LifeHouse Church moving
LIFEHOUSE Church has bought the former Marlow Timbers building in Orlando St and will move in next month.
The shift has involved extensive and lengthy renovations and the first Sunday services will be held in the former hardware and timber warehouse on April 3 at 9.30am and 6pm.
LifeHouse, which has one of the Coffs Coast’s largest church congregations, has to leave its present leased premises in Alison St.
Pastor Steve Spence said they had hoped to move straight into a large new church to be built on land the church owns on the hill behind Watsons Caravans in South Coffs Harbour.
Delays and alterations to plans meant they needed an interim solution.
Pastor Spence said the Orlando St site had needed a lot of renovation but would give them much more space in two separate buildings and a ‘huge’ amount of on-site parking in the area once used for timber stacks.
The building closest to the highway will be used for youth and children’s facilities and the other building will house administration and the main church auditorium.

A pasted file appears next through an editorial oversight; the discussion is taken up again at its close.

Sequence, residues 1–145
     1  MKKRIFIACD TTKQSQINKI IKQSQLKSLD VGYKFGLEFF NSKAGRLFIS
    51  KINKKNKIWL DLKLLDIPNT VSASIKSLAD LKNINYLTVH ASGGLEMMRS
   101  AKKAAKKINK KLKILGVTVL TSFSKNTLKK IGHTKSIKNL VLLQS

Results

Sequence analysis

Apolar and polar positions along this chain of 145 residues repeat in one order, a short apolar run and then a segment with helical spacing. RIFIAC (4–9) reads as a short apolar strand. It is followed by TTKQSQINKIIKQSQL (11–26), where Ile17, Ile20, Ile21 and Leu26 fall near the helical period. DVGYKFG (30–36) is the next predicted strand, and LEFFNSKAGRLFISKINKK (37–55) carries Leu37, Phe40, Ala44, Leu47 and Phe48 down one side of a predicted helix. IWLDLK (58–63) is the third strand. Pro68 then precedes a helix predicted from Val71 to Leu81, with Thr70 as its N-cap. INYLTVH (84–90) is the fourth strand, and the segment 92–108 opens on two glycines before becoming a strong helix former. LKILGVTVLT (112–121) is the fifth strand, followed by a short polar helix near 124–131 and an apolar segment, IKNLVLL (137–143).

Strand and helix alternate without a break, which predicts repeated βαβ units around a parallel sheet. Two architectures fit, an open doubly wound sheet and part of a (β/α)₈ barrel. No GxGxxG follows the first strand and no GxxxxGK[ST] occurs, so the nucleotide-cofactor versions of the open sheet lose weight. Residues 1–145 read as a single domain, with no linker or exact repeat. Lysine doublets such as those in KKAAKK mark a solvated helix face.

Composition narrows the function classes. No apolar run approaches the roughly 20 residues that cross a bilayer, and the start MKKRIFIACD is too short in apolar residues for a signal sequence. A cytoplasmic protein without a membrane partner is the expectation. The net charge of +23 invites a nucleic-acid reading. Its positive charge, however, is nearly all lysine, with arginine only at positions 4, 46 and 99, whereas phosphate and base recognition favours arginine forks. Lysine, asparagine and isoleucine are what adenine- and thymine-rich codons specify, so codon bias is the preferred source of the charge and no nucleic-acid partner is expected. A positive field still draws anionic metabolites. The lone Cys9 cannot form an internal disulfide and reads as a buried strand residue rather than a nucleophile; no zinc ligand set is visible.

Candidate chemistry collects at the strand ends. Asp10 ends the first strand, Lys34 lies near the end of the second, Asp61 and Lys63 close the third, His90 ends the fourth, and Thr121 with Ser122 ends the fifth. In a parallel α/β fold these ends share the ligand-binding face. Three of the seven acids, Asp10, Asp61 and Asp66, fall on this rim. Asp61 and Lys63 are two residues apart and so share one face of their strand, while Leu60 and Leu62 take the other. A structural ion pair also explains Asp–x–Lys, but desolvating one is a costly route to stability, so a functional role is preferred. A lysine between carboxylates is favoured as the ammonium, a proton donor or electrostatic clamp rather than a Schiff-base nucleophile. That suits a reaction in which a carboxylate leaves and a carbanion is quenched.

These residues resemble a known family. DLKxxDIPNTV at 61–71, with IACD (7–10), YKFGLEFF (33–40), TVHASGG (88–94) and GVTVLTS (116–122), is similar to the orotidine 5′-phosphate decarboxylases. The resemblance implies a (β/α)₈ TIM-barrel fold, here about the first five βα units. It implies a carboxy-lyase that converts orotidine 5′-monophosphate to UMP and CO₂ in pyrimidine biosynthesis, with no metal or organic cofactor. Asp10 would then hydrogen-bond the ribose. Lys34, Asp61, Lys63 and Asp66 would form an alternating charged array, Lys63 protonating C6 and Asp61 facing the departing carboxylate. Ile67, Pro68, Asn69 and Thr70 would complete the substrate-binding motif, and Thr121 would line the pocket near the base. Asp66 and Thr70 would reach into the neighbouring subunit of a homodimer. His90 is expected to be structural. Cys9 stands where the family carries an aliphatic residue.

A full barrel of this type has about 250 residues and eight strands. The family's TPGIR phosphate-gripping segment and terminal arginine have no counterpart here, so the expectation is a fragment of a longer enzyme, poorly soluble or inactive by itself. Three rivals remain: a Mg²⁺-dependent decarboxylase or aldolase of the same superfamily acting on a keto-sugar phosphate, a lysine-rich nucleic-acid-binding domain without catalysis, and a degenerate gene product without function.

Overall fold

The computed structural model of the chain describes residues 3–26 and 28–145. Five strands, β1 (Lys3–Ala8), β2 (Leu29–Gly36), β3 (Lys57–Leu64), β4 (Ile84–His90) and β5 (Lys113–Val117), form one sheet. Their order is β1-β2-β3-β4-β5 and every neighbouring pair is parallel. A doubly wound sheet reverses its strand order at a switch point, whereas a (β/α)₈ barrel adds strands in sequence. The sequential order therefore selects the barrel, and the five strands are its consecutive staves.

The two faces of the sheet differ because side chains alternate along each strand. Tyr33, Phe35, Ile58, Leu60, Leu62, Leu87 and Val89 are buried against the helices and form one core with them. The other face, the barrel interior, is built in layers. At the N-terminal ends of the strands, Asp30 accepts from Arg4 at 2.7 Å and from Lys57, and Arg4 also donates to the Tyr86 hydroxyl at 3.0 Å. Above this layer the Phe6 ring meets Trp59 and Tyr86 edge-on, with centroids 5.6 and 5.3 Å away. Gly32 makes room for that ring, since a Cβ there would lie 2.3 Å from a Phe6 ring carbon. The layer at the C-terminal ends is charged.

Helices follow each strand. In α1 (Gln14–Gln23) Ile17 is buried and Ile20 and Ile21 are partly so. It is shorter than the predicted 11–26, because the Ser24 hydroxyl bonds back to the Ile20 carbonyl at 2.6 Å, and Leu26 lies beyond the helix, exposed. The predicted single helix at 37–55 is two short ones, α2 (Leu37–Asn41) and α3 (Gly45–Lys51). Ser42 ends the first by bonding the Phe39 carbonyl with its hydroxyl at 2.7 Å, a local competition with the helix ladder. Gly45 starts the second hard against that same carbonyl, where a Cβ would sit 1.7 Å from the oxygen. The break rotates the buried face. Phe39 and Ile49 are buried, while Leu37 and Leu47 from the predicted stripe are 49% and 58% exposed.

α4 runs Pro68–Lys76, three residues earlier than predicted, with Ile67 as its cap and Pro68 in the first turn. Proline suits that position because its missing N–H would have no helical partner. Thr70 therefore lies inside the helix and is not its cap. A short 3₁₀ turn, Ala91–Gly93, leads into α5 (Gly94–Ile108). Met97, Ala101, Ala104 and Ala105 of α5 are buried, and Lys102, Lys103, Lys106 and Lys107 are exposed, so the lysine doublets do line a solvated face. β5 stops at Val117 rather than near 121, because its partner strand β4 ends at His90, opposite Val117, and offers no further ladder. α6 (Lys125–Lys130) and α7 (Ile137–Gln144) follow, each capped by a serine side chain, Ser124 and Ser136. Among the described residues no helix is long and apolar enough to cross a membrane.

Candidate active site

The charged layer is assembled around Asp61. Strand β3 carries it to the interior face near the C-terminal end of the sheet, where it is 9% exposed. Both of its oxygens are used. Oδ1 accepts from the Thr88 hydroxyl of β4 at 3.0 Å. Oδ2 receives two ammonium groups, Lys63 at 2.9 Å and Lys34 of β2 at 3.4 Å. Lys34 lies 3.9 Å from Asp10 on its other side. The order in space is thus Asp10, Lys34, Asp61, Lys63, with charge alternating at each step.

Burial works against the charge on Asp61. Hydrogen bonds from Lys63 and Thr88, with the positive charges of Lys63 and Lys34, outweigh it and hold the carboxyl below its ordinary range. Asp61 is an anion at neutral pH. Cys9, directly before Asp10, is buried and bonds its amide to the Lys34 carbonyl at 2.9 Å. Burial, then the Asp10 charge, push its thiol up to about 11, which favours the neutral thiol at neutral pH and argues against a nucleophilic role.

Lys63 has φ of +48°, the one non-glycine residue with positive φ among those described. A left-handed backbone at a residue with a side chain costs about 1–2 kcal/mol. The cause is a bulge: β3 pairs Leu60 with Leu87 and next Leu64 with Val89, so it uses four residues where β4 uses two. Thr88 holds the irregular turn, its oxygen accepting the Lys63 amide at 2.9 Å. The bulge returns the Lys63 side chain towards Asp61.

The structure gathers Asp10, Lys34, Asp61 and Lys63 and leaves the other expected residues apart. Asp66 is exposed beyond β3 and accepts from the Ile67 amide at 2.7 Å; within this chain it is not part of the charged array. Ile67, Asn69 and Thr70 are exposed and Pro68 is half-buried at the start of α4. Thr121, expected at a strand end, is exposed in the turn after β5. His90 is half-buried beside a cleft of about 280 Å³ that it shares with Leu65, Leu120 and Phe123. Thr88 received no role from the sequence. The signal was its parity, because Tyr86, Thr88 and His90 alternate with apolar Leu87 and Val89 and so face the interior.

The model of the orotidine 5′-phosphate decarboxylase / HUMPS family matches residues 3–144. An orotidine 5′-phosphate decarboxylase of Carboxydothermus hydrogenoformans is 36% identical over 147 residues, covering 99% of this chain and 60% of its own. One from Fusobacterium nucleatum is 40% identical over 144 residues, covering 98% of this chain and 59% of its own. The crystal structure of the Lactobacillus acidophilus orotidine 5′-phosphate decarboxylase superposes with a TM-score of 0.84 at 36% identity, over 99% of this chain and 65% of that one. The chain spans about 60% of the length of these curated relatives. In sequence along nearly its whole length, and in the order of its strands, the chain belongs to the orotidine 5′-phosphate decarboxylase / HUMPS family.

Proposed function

LifeHouse Church has been in Alison St for 24 years and in its present premises for 21 years.
During that time its congregation swelled to about 1000 worshippers who attend services.
Pastor Spence invited interested people to visit the new LifeHouse church, saying they would have a ‘soft’ move and a date for the official opening had not been set. He said the distinctive Marlow’s windmill had been donated to Sherwood Cliffs.
“We figured with good signage we could probably do without it,” he said.
The founder of Sherwood Cliffs drug and alcohol rehabilitation farm, John Pierre Reifler, said he had been trying to get his hands on the windmill for more than 20 years.
“I have asked each successive owner if they wanted to sell it and everyone said ‘no’,” Mr Reifler said.
“Then the church moved in and someone rang me up and asked me if I wanted the windmill.”
The windmill’s trip to its new location involved hiring a crane to lower the structure and “a hairy trip home” with the unwieldy windmill fan on the back of a smallish truck.